The Zookeeper’s Wife Review


The Zookeeper's Wife Review


6 out of 10


Jessica Chastain as Antonina Żabińska
Johan Heldenbergh as Jan Żabiński
Daniel Brühl as Lutz Heck
Michael McElhatton as Jerzyk
Iddo Goldberg as Maurycy Fraenkel
Shira Haas as Urszula
Efrat Dor as Magda Gross
Val Maloku as Ryszard Żabiński
Tim Radford as Young Ryszard Żabiński
Goran Kostić as Mr. Kinszerbaum

Directed by Niki Caro

The Zookeeper’s Wife Review:

Jessica Chastain deserves better than this. Film after film she has lent excellent performances to try and prop up poorly-conceived or executed (or both) films. The Zookeeper’s Wife, adapted from Diane Ackerman’s beloved book about the real Antonina Żabińska, is unfortunately the latest in that line. Despite what appears to be the best of intentions from all involved, including committed performances from Chastain and Heldenbergh as her husband, the result is unfortunately bloodless and cool, turning a great success amid a great horror into an anecdote rather than a triumph.

Antonina and her husband Jan are the owners of the Warsaw Zoo, the envy of European zoologists in pre-WWII Europe. With coming of the war and the fall of Poland to the German Reich, however, those circumstances change. As Christians, they’re spared their reality of the Holocaust, viewing it with sympathy but dispassion, keeping their heads down and waiting for the world to go back to normal. When it becomes clear that will not happen, they decide they can no longer stand by and watch and begin using the vast and now empty grounds of the zoo as a hiding place for refugees smuggled from the Warsaw Ghetto. It’s a foolproof plan except for the Chief German Zoologist (Brühl) who visits often – partly from his infatuation with the zoo and the bison he wants to breed there and partly from his infatuation with Antonina, leaving her to decide how far she will go to protect the people relying on her.

Director Niki Caro has been drawn to narratives about marginalized people struggling against larger enveloping cultures – from the Mauri’s of her breakthrough film Whale Rider to the working women of North Country and the immigrant laborers of MacFarland, USA – so the plight of the Polish Jews during the Holocaust should be a perfect fit for her. She’s also had a tendency to make her protagonists flawless by way of unexamination (in order to add to the saintliness of their suffering) and her antagonists unempathetic. The results are films which can and do easily fall prey to emotional manipulation, and while Caro is hardly the only director to fall prey to this temptation, her subject matter usually deserves better.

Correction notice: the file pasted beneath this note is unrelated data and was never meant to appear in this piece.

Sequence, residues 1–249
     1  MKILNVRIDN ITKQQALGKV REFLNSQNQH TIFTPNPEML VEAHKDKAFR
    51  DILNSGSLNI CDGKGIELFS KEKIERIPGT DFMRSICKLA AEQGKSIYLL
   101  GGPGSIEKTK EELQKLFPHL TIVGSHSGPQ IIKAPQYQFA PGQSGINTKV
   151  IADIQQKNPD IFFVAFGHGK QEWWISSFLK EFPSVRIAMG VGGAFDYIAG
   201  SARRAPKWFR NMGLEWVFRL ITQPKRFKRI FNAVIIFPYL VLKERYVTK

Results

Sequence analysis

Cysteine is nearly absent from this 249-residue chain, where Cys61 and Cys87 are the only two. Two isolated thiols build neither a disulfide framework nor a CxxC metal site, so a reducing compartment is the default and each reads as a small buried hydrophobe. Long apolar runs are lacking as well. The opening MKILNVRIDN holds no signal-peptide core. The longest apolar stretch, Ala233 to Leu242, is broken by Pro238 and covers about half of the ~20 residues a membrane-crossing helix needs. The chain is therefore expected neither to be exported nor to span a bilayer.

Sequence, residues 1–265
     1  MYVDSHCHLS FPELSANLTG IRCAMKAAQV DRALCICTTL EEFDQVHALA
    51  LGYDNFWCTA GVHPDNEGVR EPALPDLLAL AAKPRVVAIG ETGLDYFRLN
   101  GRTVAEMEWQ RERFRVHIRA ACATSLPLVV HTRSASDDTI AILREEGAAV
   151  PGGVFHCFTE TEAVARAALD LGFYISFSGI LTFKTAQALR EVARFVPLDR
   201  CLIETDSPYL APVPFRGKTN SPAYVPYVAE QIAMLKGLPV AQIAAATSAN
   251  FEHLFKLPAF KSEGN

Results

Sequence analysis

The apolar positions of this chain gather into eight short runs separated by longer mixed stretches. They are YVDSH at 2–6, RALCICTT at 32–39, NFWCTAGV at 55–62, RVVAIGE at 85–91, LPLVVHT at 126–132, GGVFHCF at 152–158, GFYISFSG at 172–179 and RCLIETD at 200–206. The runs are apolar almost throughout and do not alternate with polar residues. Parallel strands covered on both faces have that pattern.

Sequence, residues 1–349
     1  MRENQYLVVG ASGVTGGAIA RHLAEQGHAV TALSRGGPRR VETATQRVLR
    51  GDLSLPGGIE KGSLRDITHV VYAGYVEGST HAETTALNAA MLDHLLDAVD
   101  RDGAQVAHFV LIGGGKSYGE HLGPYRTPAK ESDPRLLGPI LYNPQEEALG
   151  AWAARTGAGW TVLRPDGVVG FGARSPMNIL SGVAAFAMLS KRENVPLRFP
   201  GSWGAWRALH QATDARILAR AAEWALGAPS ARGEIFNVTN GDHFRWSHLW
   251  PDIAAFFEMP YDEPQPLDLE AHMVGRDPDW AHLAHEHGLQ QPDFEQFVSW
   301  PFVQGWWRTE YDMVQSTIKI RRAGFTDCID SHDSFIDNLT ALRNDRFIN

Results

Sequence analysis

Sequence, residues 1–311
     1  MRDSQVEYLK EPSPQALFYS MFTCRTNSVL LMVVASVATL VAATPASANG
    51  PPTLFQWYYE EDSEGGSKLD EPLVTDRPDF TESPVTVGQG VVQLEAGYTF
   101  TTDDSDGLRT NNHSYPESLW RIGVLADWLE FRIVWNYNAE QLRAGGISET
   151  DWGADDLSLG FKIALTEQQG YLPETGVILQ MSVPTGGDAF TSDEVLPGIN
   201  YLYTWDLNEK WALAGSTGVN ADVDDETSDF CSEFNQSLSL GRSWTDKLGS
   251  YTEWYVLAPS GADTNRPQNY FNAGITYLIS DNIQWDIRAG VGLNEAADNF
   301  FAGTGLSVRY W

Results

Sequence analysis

There have been a hoard of films using the Holocaust as either their subject or backdrop or both. The natural drama and horror of the event makes this inevitable, the best and worst elements of human nature being put on display and in close proximity. That also means for as many triumphs of drama come out of it, there have been plenty which used it for the short hand emotional thrust without care for the reality of the event. Zookeeper’s Wife does not fall to the level of Holocaust porn of something like Jakob the Liar, but its dispassionate view of the material keeps the audience from experiencing the horror the narrative is clearly trying to convey. It only manages such moments sparingly, particularly during an evocative sequence when Jan must watch Jewish children reach up with trusting arms to be loaded on the trains for Treblinka, Dachau and Auschwitz. The Zookeeper’s Wife never manages such depths of emotion again.

Which isn’t to say it’s bad or difficult to watch. It’s well designed and shot by Oscar-nominated production designer Suzie Davies and cameraman Andrij Parekh, managing the tricky balancing act of being neither too pretty nor too ugly. And though Brühl is left to be an almost literal mustache-twirling villain, Chastain and Heldenbergh are effective and affecting zookeepers, but they’re always swimming upstream, particularly Chastain as Antonina is more nurturing than proactive, leaving much of that to her husband. The episodic nature of the story, combined with placing it entirely through their viewpoints, creates a story which often feels free of consequences. Think of that, a story of the Holocaust with no consequences, where nothing is too dearly paid for. Even when Jan joins the Polish Resistance, it is treated more as an afterthought. A victory without price is difficult to cherish and The Zookeeper’s Wife is just that: a hollow victory.